MOJAVE, Calif., Oct. 4 (UPI) -- SpaceShipOne, the first, privately funded rocket to reach the edge of space, flew to an altitude above 62 miles Monday morning over the California desert.
The rocket, piloted by Mike Melvill, separated from its mothership aircraft at approximately 7:45 a.m. Pacific time. The craft's engine fired and a few minutes later, mission controllers announced it had reached the threshold altitude -- 100 kilometers -- necessary to claim the $10 million Ansari X Prize.
The prize is offered to the first private company to fly a rocket carrying either three humans -- or a pilot and the equivalent weight of two passengers -- to at least the required altitude twice within two weeks.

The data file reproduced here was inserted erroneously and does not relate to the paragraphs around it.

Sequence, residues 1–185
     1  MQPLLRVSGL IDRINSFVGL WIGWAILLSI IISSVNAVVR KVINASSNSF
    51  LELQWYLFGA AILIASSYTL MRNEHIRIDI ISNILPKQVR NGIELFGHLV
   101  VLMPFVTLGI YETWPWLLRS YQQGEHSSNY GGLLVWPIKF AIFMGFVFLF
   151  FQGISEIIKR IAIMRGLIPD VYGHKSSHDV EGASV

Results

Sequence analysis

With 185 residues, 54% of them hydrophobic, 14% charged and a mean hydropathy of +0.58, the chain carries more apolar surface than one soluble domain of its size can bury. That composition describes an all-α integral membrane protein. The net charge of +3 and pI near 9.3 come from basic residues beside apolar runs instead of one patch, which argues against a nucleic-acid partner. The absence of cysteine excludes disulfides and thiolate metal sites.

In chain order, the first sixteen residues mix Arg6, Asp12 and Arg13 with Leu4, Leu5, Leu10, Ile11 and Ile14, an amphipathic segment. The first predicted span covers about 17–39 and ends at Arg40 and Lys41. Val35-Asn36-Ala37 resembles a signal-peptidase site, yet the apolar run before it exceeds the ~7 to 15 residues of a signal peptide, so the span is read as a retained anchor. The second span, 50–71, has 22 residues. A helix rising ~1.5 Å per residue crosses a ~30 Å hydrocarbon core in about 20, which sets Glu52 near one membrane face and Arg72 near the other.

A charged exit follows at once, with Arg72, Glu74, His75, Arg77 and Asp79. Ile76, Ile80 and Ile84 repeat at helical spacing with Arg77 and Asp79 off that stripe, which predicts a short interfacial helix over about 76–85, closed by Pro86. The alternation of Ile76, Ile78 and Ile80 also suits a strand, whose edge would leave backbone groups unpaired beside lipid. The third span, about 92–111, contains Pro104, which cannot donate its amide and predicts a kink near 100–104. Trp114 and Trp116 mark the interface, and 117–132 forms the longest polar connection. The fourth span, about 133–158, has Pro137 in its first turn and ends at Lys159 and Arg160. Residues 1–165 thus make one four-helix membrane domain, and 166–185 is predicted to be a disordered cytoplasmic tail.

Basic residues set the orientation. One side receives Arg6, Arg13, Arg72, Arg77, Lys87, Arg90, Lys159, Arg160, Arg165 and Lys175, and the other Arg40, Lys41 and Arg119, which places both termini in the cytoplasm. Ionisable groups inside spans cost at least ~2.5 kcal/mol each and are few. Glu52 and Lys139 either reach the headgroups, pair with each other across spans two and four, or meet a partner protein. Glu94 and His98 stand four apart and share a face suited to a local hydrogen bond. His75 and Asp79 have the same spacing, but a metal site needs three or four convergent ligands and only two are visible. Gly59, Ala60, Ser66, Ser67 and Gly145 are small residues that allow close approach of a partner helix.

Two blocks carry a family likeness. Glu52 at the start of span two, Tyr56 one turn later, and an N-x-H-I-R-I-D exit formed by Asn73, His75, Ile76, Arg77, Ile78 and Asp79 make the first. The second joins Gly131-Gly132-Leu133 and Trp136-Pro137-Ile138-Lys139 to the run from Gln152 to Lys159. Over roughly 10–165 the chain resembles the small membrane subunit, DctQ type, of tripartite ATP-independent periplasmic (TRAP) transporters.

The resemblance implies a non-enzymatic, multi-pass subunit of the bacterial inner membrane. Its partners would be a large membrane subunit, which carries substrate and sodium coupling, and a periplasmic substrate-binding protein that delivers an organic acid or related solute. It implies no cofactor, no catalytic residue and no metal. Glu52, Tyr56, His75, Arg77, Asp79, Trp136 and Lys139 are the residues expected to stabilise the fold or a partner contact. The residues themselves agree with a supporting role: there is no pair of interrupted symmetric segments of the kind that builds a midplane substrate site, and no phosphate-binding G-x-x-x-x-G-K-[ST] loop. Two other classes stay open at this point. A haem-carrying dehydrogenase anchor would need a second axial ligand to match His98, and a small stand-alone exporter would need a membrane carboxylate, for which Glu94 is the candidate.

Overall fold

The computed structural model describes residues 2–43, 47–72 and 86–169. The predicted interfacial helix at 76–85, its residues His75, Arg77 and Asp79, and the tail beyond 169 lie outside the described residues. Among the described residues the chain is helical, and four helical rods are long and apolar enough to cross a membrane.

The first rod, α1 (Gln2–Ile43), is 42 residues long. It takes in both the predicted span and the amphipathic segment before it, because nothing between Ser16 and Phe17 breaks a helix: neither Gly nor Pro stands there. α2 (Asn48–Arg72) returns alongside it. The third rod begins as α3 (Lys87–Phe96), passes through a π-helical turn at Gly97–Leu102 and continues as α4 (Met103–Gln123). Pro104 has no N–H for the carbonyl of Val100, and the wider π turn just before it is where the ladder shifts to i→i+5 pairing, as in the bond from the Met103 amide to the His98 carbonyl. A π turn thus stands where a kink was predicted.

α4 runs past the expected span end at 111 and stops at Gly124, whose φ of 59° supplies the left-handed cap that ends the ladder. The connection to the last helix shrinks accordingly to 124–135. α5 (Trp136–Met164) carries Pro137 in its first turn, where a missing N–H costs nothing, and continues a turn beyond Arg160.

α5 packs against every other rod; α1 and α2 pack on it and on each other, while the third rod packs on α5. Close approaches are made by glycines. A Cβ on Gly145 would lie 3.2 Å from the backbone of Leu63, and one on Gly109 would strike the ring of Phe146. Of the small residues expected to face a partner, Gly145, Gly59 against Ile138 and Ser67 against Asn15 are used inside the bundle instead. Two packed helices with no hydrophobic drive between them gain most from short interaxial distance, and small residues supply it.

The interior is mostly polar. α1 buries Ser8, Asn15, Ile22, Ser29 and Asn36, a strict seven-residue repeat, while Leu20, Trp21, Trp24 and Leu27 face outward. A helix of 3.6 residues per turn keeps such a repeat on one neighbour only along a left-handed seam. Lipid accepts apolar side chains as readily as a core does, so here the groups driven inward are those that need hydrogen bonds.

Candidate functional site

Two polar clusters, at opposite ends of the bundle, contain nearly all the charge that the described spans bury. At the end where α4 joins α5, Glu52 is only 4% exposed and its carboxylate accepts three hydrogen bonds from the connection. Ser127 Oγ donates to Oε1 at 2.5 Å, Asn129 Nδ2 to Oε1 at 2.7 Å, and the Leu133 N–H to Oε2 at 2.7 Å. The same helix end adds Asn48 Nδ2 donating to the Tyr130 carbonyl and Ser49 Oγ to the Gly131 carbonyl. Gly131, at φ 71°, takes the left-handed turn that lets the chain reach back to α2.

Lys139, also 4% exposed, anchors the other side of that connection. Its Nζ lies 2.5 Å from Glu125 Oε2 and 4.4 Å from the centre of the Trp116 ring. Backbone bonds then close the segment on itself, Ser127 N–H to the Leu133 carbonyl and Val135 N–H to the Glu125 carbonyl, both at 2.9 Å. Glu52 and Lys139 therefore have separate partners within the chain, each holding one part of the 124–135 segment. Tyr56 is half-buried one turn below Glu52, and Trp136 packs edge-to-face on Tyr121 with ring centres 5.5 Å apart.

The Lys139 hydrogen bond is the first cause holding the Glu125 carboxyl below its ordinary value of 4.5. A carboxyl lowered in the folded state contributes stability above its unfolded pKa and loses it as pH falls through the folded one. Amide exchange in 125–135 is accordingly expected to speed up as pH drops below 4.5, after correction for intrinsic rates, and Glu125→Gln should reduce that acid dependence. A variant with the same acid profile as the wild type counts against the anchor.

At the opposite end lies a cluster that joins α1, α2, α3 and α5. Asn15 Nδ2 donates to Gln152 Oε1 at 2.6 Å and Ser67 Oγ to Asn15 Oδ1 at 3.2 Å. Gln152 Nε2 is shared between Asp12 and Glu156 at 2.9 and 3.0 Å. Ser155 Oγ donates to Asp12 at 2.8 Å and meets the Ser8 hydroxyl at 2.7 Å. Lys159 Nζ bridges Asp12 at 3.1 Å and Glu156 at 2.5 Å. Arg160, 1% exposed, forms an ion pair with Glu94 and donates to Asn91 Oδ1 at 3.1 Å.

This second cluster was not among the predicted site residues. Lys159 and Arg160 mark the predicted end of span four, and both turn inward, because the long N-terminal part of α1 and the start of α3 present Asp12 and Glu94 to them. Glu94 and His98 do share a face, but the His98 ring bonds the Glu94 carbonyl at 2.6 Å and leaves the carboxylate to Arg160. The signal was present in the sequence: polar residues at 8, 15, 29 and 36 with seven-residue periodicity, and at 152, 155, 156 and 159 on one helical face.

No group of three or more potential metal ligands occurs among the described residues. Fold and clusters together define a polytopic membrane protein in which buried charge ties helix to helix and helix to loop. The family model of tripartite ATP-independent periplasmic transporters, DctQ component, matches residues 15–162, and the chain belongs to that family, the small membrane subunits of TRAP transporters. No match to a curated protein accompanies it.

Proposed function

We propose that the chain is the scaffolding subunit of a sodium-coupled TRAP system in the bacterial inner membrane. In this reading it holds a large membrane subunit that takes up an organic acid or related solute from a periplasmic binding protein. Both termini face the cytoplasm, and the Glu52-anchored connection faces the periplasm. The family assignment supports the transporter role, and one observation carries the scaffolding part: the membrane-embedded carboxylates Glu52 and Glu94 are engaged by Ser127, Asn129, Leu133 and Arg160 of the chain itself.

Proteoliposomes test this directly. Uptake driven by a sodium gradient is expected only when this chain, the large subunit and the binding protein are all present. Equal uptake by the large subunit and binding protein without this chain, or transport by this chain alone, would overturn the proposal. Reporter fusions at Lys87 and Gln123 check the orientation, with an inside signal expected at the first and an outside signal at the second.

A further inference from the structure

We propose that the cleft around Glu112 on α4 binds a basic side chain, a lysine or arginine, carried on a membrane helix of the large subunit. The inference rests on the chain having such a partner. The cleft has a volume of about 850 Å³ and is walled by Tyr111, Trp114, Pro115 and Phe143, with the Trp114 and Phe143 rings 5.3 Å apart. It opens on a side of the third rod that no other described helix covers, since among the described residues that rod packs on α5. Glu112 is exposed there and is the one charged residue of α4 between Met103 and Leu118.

SpaceShipOne, which was designed by famed aircraft designer Burt Rutan and built by his company, Scaled Composites, flew the first successful X Prize flight Sept. 29.
The unofficial altitude reached was 367,000 feet, Peter Diamandis, head of the X Prize Foundation, told the Fox News Channel as SpaceShipOne descended.
"I want everyone ... to know space is in your future," Diamandis said.
After gliding back to Earth for nearly 20 minutes, SpaceShipOne touched down at 8:10 a.m. and rolled safely to a stop on the tarmac at Mojave Airport.
The flight took place on the 47th anniversary of the Russian Sputnik, the first artificial satellite to be launched into space.